The big three US airlines—Delta, American Airways and United—which are lobbying against the GCC airlines, are ‘self-centred’ and ‘not loyal to their own country’, Al Baker said.

Jojo Puthuparampil is a business news writer for Inc. Arabia.

Qatar Airways chief Akbar Al Baker has accused American carriers of ‘bullying’ in an attempt to wrest back their falling market share.

US carriers Delta, United, and American Airlines have accused Qatar Airways along with Dubai’s Emirates and Abu Dhabi’s Etihad of benefitting from government subsidies to expand their transcontinental networks.

They have urged US President Donald Trump to take action against the Gulf airlines, who deny any form of subsidy.

Baker told reporters that he didn’t expect any action from Washington, adding that Trump is a wise individual and a very good businessman who will not buy into the bullying.

The big three US airlines—Delta, American Airways and United—which are lobbying against the GCC airlines, are ‘self-centred’ and ‘not loyal to their own country’, Al Baker said.

The three carriers don’t represent the US, he said adding that they don’t serve the country’s foreign diaspora, are not loyal to their country and that they should be ashamed of themselves.

The remarks by Al Baker came even as Qatar Airways announced an additional new route to the US city of San Francisco, set to become its fifteenth US destination.

Sir Tim Clark, president of Emirates, also criticized the Partnership for Open & Fair Skies, a coalition of top US airlines and unions, for trying to take Gulf airlines down over the past two years with claims that Gulf carriers have been receiving subsidies.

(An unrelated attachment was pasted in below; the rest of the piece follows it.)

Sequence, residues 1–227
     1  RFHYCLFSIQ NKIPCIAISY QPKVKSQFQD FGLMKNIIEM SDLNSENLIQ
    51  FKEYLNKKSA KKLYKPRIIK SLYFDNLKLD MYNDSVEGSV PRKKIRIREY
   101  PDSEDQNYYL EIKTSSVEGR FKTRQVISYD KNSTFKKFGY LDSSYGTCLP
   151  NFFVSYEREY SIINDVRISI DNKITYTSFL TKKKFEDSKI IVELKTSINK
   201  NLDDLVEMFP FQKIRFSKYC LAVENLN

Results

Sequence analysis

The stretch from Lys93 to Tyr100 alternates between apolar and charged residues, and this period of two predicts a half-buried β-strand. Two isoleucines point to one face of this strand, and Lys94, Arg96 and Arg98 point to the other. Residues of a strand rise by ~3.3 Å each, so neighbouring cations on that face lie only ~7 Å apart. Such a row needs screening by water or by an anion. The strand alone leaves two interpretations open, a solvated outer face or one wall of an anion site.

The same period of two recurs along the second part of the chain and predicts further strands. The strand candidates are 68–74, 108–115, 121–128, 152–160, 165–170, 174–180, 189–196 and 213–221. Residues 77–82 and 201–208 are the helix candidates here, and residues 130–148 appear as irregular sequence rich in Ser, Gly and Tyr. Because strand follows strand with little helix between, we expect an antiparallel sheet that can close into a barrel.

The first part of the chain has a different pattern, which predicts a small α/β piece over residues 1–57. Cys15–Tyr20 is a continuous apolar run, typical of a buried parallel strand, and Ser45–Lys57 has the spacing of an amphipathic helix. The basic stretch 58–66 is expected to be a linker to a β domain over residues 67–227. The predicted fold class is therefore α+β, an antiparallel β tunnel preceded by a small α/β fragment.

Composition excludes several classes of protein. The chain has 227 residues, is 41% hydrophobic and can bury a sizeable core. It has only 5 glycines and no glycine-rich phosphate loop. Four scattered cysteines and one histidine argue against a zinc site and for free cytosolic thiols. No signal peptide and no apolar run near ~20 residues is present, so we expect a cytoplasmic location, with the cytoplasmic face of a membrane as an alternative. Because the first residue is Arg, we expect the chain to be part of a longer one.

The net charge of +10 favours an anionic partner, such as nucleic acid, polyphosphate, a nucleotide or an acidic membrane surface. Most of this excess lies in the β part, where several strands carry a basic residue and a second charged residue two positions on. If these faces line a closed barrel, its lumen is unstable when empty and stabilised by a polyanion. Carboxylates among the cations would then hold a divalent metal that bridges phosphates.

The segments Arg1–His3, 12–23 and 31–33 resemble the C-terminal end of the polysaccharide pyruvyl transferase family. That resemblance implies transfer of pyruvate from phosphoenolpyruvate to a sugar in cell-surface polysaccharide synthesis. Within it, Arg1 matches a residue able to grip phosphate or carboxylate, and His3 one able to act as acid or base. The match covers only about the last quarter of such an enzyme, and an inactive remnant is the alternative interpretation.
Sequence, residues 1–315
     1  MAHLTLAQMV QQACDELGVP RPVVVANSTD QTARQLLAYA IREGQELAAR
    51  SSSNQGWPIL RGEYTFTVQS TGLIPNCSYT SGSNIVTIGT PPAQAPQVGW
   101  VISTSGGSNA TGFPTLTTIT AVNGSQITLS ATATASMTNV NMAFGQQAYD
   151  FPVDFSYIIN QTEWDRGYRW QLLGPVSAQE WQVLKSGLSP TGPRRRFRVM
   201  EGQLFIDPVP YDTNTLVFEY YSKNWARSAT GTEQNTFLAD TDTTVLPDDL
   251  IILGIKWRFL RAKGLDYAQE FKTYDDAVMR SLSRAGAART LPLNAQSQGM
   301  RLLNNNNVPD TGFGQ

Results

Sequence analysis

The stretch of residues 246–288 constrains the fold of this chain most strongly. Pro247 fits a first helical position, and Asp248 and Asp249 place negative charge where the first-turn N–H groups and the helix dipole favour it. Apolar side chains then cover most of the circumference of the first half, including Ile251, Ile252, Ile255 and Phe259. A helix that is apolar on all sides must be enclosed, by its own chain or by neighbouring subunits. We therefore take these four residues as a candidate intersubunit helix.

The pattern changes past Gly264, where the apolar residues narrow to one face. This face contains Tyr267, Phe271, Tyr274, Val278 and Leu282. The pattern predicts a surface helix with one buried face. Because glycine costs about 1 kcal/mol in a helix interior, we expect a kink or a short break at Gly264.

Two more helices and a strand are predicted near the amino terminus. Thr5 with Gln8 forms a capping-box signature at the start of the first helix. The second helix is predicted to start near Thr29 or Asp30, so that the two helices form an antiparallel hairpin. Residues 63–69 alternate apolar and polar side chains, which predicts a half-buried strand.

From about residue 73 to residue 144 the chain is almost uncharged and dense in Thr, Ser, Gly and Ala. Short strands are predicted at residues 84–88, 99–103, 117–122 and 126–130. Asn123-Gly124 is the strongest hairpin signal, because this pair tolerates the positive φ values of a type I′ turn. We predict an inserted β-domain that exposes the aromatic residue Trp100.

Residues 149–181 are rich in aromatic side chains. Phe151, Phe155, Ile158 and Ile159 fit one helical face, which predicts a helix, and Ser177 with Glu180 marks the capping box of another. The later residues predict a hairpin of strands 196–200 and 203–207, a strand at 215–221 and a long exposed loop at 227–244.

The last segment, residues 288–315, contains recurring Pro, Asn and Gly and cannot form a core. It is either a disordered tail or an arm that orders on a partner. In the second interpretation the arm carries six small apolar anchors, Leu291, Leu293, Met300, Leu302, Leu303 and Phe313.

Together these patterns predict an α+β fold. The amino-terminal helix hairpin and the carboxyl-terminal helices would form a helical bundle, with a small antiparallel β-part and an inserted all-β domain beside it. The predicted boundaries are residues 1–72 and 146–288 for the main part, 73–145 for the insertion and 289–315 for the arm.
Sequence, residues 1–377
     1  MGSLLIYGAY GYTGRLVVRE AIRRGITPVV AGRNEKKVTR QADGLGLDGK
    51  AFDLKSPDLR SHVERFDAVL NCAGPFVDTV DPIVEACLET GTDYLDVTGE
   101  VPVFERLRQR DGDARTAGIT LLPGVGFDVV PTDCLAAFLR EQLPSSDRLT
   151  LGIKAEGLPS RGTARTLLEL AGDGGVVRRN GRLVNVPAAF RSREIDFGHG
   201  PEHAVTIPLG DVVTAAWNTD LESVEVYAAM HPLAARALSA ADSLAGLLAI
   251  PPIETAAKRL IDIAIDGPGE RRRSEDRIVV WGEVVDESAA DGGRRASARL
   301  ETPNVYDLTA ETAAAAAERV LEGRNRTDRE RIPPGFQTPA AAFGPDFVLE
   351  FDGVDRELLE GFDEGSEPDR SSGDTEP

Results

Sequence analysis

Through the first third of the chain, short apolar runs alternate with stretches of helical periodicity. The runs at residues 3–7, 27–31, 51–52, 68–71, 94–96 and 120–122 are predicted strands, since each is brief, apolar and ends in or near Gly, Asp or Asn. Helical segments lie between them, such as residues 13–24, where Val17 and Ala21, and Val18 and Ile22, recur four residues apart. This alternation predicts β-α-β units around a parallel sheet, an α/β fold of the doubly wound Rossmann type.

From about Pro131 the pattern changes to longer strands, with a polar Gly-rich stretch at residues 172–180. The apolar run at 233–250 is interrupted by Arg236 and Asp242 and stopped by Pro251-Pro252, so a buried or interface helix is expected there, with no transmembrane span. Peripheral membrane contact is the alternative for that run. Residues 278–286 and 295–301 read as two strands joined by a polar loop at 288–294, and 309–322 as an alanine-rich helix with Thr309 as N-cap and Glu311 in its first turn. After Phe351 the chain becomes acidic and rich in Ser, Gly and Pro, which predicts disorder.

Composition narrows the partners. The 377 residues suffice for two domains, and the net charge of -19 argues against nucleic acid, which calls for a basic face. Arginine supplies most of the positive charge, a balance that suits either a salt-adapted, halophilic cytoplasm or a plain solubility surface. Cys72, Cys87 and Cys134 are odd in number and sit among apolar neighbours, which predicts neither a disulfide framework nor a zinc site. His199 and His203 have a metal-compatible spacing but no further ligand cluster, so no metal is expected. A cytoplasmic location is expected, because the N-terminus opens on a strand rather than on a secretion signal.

Speaking on Business Breakfast on Dubai Eye radio, Clark said the airline would restore capacity to routes in the US soon.

Despite a challenging last quarter, there would be no impact on aircraft orders, and the carrier would remain profitable this year, he said.

Qatar Airways and Emirates were among the airlines affected by the ban imposed last month on electronic devices larger than a smartphone on flights to the US from 10 airports in the Middle East and Turkey.

Emirates said last week it was reducing flights to the US in response to weakened travel demand.

The US ban went into effect on March 25 on nine airlines in Turkey, Morocco, Jordan, Egypt, Qatar, Saudi Arabia, Kuwait and the United Arab Emirates.

Britain followed with a similar ban from five countries from the Middle East, Northern Africa, and Turkey.

Al Baker previously said the ongoing ban on electronic devices on flights to the US is ‘unnecessary’.

The ban was rushed and introduced without proper discussion, Baker said, adding that people who want to disrupt aviation will do it from other places where there is no ban.